A subject access request by the journalist Jenna Corderey, revealed internal correspondence, the author of which flagged that “Jenna Corderoy is a journalist” and that “Once the response is confirmed, I’ll just need [redacted] to sign off on this before it goes out, since Jenna Corderoy is a reporter for openDemocracy.”
This correspondence suggests that, regardless of the apparent intention of the Cabinet Office, in practice, journalists’ inquiries are being treated differently. This practice appears to sit in conflict with the Freedom Of Information Act 2000, which states that applications should be dealt with in an "applicant-blind" fashion, "without reference to the identity of the applicant."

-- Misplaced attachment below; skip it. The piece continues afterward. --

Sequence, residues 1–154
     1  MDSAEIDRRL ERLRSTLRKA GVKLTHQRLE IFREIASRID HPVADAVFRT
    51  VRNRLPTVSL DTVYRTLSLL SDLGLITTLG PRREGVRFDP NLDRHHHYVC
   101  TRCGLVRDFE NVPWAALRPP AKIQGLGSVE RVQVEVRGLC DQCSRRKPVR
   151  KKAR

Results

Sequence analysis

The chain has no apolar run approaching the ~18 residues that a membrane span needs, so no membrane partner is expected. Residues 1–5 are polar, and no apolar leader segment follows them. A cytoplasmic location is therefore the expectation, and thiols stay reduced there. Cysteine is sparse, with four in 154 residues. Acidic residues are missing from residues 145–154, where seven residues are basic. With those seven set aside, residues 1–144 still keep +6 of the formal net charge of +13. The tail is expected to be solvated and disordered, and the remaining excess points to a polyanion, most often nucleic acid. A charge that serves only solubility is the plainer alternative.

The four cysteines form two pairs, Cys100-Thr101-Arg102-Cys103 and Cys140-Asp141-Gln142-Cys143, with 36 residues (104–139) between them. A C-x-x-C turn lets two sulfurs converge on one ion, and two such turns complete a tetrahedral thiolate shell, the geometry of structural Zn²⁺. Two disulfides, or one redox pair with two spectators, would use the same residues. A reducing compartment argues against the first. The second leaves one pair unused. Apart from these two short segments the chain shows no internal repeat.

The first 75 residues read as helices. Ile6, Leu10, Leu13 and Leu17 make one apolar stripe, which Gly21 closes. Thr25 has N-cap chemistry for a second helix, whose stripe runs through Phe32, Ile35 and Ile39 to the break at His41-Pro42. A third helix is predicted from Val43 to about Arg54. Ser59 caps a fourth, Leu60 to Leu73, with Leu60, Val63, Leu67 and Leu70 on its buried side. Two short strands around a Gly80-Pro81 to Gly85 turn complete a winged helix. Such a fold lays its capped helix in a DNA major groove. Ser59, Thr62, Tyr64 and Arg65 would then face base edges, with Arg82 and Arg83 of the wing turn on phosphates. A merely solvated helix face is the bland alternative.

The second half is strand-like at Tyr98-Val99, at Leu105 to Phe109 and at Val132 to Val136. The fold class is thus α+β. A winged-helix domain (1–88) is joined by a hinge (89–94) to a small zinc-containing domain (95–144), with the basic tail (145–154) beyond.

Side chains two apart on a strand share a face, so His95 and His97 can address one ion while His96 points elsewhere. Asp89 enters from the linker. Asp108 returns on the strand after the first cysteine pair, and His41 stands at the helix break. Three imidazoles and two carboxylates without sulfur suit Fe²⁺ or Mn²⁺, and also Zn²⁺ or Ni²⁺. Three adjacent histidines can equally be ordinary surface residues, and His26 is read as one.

Notwithstanding that Ms Phillips’ letter of 19 December 2020, made a request for certain information and a copy of the advice that the Clearing House gave to departments on how to reply with individual requests, the reply from the Cabinet Office does not deal with those requests; this disregard is a reflection of the dismissive way in which the Cabinet Office has treated this whole affair. To the extent that Ms Phillips’ requests were under FOIA, the Cabinet Office appears to be in breach.
According to the remit of the Clearing House, FOI requests may be referred to it, on the basis that there is an “expectation there will be significant wider interest in the topic of the request at the time”. This could in theory mean that any request from a journalist, which could ultimately result in publication, can be referred to the Clearing House merely because there can be a reasonable expectation that if the requested information is of interest to a journalist, it will have significantly wider interest.